Casa di Giulietta (Home of Juliet)

Photo by Gina Mussio

Photo by Gina Mussio

Literary lovers and romantics alike can enjoy Verona’s top attraction: Juliet’s house from the Shakespeare’s classic, Romeo and Juliet. Visitors can stop in the courtyard to see a replica of the balcony that Romeo stood under night after night to woo Juliet. It’s said that Verona’s top ruling family during the time period, the Scaligeri, might have been a part of the Shakespeare’s inspiration for the drama. Whatever the case, Verona had a strong pull on the writer: Three of Shakespeare’s plays are likely set in the city: besides Romeo and Juliet there’s The Two Gentlemen of Verona, and The Taming of the Shrew.

Piazza Bra and Piazza delle Erbe

When visiting Verona you can’t skip over its two biggest Piazzas. Piazza Bra is the largest piazza in the city (indeed, one of the largest in Europe) as well as the beating heart of its civic life. Here you’ll find the town hall, Palazzo Barbieri, and the Arena. There are also vibrant examples of Verona’s strong café culture among the dozens of restaurants and coffee shops lining the piazza. Even though, like the establishments along all the squares in Europe, they are a bit overpriced, we love to sip an espresso in any of them while people watching. Once you have gotten your fill head to the Piazza delle Erbe, where you’ll see the famous Mazzanti Houses whose facades are decorated with 16th-century frescoes.

While in the Piazza delle Erbe, look for the arch with a large whalebone dangling from it. Nobody knows exactly why the bone was hung or who hung it from Arco della Costa, (Literally: Arch of the Rib) but it has been there for centuries. Some say it’s a religious relic, others that it’s simply an ad for the ancient pharmacy that is still operating underneath it. The most popular legend, however, is that it will fall only when someone walks under it who is pure of heart. This person is sometimes described as one who has never told a lie or alternately a virgin. Either way, it’s still hanging – perhaps all the more ironic because it connects the Piazza with the city’s magistrate offices, Palazzo della Ragione, or House of Reason!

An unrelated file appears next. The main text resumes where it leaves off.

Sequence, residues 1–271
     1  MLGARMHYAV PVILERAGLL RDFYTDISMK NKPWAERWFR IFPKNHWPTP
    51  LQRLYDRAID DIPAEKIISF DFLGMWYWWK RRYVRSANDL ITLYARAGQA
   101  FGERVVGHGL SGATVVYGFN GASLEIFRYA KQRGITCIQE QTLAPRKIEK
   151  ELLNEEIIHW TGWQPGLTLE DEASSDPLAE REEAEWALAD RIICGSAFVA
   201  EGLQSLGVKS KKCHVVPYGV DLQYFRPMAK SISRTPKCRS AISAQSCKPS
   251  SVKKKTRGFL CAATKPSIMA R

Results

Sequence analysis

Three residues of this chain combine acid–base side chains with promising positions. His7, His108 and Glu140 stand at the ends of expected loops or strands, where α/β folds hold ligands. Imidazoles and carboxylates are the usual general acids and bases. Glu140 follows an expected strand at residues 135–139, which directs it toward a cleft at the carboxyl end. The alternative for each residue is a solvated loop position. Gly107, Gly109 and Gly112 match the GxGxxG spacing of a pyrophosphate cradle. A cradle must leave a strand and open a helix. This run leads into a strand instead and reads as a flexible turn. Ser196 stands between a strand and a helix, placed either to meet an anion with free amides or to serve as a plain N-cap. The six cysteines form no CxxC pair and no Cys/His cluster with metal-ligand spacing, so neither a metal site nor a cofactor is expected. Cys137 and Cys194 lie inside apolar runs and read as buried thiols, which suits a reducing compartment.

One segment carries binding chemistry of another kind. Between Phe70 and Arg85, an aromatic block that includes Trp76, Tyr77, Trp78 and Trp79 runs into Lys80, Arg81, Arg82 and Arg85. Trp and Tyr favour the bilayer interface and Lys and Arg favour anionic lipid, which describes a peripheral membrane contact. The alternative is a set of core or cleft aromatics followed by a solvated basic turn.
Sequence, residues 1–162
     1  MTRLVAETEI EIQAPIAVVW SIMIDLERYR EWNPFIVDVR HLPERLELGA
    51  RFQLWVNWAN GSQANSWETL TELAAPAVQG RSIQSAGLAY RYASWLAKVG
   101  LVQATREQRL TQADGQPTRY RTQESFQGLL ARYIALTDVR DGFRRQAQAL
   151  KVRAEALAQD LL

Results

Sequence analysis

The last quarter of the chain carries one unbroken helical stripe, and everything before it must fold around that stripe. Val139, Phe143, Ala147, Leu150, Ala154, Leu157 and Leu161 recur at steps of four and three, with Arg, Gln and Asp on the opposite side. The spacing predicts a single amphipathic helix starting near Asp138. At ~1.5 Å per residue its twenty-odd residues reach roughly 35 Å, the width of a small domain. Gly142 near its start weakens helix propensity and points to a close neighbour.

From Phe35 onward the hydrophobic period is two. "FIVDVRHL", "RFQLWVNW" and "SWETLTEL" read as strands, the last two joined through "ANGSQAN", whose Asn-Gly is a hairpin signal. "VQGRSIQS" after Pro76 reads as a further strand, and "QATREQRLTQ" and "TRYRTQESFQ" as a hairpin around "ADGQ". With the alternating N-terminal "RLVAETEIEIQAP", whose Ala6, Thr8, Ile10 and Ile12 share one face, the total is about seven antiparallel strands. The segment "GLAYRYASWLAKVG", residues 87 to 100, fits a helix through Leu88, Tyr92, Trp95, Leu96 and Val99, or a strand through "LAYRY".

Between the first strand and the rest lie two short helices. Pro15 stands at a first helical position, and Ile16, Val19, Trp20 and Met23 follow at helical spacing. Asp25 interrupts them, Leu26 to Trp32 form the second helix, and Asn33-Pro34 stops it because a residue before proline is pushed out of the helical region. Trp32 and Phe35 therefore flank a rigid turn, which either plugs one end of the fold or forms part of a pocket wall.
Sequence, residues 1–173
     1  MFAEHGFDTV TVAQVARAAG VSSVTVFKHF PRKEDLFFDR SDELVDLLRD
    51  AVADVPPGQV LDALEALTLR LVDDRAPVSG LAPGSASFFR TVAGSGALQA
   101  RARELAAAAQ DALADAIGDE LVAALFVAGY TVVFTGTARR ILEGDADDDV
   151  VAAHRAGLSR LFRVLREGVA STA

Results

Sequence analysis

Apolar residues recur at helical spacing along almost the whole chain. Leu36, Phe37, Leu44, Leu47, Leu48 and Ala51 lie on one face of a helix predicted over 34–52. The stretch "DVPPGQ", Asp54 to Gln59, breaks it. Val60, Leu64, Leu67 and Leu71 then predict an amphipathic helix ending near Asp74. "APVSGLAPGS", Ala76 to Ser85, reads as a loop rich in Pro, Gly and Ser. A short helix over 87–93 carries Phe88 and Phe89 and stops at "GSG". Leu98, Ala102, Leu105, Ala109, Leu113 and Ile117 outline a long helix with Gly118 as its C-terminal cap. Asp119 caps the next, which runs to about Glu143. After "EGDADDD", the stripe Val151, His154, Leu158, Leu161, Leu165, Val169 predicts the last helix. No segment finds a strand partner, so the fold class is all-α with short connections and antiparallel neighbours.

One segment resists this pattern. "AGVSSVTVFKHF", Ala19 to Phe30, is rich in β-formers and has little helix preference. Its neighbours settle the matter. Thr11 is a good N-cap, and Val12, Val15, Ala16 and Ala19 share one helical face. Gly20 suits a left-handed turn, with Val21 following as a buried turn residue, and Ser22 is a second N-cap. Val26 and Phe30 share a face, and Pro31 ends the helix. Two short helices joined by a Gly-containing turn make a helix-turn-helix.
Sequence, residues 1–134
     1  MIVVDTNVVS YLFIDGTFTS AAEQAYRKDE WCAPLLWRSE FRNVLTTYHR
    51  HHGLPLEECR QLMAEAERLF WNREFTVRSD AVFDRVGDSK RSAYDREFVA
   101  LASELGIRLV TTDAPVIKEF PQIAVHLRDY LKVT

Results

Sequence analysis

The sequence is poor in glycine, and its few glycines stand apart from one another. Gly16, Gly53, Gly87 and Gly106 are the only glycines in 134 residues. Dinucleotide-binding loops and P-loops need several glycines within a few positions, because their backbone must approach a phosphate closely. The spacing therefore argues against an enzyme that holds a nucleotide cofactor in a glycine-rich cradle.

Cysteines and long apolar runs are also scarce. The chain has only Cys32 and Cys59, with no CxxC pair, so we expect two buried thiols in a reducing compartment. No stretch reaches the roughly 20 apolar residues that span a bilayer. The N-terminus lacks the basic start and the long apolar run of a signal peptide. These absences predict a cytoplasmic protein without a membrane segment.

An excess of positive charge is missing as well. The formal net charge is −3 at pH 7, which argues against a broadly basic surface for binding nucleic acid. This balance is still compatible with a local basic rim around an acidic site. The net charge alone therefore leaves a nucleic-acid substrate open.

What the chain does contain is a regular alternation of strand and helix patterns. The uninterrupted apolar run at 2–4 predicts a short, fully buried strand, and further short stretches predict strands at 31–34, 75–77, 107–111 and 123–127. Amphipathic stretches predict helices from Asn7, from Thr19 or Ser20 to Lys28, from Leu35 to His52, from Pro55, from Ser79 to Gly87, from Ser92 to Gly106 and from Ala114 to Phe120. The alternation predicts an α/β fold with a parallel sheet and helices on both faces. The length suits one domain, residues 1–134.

Basilica di San Zeno

The Basilica of San Zeno houses the tomb of St. Zeno, Verona’s first bishop. Construction on the church began in the 10th century but the Romanesque-style building that you see today wasn’t completed until the 14th. It’s creamy white tuff stone facade became a model for many other buildings in Verona and its influence extends far beyond the architectural: Dante mentioned its bell tower in Canto 18 of Purgatory in the Divine Comedy and it is also said to be Romeo and Juliet’s wedding church. Aside from the exquisite beauty of the interior, the main attraction is the rose window that has its roots in Greek/Roman mythology. Called a Wheel of Fortune or Ruota della Fortuna, it is a tool of the goddess Fortuna (Tyche, in Greek) who spins it at random. In medieval christinaity it was used to remind people of the difficulties of life that arise from sin and the short time we have on earth.